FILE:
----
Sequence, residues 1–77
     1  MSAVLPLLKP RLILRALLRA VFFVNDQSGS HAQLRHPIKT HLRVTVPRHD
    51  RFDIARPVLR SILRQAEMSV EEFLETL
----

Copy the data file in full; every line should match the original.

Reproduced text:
Sequence, residues 1–77
     1  MSAVLPLLKP RLILRALLRA VFFVNDQSGS HAQLRHPIKT HLRVTVPRHD
    51  RFDIARPVLR SILRQAEMSV EEFLETL